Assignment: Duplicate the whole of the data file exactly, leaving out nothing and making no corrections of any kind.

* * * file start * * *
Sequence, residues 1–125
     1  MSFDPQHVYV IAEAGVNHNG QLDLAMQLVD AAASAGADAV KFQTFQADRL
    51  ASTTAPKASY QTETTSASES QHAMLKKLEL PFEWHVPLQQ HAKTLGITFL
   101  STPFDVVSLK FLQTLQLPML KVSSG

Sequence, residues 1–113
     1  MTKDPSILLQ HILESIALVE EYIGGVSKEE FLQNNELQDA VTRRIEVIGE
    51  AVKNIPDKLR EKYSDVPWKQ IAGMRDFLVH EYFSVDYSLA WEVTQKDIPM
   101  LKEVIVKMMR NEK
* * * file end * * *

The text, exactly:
Sequence, residues 1–125
     1  MSFDPQHVYV IAEAGVNHNG QLDLAMQLVD AAASAGADAV KFQTFQADRL
    51  ASTTAPKASY QTETTSASES QHAMLKKLEL PFEWHVPLQQ HAKTLGITFL
   101  STPFDVVSLK FLQTLQLPML KVSSG

Sequence, residues 1–113
     1  MTKDPSILLQ HILESIALVE EYIGGVSKEE FLQNNELQDA VTRRIEVIGE
    51  AVKNIPDKLR EKYSDVPWKQ IAGMRDFLVH EYFSVDYSLA WEVTQKDIPM
   101  LKEVIVKMMR NEK